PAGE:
It’s Not Over Yet

Happy new Decade!

Wait, not so fast.

I’m not convinced that this is the beginning of a new decade.  I think Jan 1, 2011 will be the start of a new decade, the current one ending on Dec 31, 2010.  My reasoning is manifold:

  • We count from 1 to 10, not from 0 to 9; so the decade should go from 2001 – 2010, not 2000 – 2009.
  • There is no year 0.  Not that Wikipedia is the final authority for all things, but the Gregorian Calendar entry asserts what we all know: “AD 1 immediately follows 1 BC”.
  • Because there is no year 0, the first decade is 1-10; the second decade is 11-20, the third is 21-30, etc.  By extension, the current decade is from 2001-2010, and the next one will be from 2011-2020.
  • We have precedent for numbering periods starting with 1 and ending with a multiple of 10.  The 1st Century was from 1-100; the 2nd Century was from 101-200; and so on.

Interestingly, Wikipedia makes mention of a disconnect between the cultural notion and mathematical/scientific notion of when the 21st Century began.  Even Wikipedia concludes that according to math and logic, the current century runs from 2001-2100, but gives mention of some other “cultural” notion of the current century having begun in 2000, basically declaring this cultural notion incorrect (as I do). Elsewhere Wikipedia affirms that the 21st century runs from 2001-2100; furthermore the 20th Century ran from 1901-2000, and the 19th Century ran from 1801-1900, etc.  If we are going to redefine the 21st century as having begun on January 1, 2000, then we have shorted a previous century by one year, making it not a century at all but rather a “99 year period”.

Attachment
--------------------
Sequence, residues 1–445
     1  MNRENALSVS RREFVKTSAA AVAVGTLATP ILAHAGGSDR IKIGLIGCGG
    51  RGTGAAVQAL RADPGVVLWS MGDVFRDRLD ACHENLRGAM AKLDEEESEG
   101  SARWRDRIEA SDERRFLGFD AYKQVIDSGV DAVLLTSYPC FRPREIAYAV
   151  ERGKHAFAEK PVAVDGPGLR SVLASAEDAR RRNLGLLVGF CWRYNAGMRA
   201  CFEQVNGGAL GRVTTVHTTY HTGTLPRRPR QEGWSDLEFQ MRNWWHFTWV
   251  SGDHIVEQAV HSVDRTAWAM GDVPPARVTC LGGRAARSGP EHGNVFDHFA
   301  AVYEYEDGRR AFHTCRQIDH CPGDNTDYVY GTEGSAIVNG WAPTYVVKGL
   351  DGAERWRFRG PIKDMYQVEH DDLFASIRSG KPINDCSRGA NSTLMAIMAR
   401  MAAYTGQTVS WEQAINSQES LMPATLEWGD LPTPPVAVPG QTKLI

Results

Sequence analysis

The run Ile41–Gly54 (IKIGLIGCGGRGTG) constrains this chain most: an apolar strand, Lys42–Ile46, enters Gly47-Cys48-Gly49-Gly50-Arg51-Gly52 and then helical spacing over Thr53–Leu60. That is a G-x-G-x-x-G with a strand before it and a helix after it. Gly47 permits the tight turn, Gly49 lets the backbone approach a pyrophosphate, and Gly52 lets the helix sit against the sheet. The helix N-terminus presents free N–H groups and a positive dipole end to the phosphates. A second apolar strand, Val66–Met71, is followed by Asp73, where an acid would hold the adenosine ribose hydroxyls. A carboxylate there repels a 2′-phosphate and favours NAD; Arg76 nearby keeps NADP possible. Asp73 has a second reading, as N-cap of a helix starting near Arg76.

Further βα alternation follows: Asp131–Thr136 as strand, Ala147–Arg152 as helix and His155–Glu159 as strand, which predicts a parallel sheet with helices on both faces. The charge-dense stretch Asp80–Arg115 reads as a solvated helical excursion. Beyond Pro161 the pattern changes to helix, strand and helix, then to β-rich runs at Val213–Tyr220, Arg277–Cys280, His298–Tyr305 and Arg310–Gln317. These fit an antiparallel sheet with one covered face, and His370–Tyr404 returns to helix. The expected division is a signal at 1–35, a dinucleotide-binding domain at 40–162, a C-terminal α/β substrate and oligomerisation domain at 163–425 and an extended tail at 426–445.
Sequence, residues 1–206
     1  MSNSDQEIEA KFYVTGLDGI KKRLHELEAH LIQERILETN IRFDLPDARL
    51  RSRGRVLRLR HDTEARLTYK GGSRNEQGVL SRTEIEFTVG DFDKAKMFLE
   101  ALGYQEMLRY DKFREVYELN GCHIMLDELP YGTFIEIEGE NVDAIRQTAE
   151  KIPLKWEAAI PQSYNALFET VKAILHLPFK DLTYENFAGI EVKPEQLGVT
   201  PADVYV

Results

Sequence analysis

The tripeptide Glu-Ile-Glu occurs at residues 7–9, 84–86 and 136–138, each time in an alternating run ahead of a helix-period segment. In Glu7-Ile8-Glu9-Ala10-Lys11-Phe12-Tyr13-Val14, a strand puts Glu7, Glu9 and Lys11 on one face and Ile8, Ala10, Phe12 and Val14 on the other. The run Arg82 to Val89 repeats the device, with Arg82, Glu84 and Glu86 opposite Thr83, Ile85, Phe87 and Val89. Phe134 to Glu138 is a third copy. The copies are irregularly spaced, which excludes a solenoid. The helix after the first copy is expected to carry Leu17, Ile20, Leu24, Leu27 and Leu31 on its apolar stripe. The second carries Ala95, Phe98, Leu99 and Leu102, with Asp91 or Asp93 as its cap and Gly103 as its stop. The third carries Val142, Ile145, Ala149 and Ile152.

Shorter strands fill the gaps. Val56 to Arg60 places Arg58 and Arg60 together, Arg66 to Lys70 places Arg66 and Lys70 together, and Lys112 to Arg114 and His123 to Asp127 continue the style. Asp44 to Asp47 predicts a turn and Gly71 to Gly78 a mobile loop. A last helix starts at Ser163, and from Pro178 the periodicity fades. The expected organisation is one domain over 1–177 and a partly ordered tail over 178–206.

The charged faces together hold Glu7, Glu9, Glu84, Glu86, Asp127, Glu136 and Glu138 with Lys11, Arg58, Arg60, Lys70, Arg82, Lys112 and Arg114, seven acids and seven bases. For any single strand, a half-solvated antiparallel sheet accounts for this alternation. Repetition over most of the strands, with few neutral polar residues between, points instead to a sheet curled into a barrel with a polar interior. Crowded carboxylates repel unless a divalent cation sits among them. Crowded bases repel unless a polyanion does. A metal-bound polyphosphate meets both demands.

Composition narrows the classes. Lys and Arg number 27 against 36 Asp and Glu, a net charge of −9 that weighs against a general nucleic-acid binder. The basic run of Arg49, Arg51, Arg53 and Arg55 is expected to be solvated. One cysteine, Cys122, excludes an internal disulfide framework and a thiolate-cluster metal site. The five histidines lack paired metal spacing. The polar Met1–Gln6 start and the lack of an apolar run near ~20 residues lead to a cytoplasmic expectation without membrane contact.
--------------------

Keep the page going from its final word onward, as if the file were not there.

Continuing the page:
More authoritative is the U.S. Naval Observatory, stating the same thing, that “the 21st century began with 1 January 2001 and will continue through 31 December 2100.”  Furthermore, it defines millennia as well:

Similarly, the 1st millennium comprised the years AD 1-1000. The 2nd millennium comprises the years AD 1001-2000. The 3rd millennium began with AD 2001 and will continue through AD 3000.

Why all this talk about Centuries if the discussion is supposed to be about Decades?  My fourth bullet point above is supported by these definitions: the precedent is that we group millennia and centuries in groups of 1000 or 100 years, beginning with the year 1:

  • Millennia: 1-1000, 1001-2000, 2001-3000, …
  • Centuries: 1-100, 101-200, 201-300, … ,1801-1900, 1901-2000, 2001-2100, …

By extension, then, a decade should be a grouping of 10 years beginning with the year 1: 1-10, 11-20, 21-30, … , 1991-2000, 2001-2010, 2011-2020, …

So, I remain unconvinced by the popular cultural notion of us having just begun a new decade.  In my mind, we’ll have to wait another year.

One Reply to “It’s Not Over Yet”

  1. Technically, you are correct. However, I prefer to think of the 0 year as the start. That way the tens digit of the year is consistent, allowing us to refer to the “twenties,” “fifties”, “nineties”, and so on. I like consistency. Most people, however incorrect, seem to view decades in this manner. Using the “correct” definition creates confusion and isn’t worth the battle for me.

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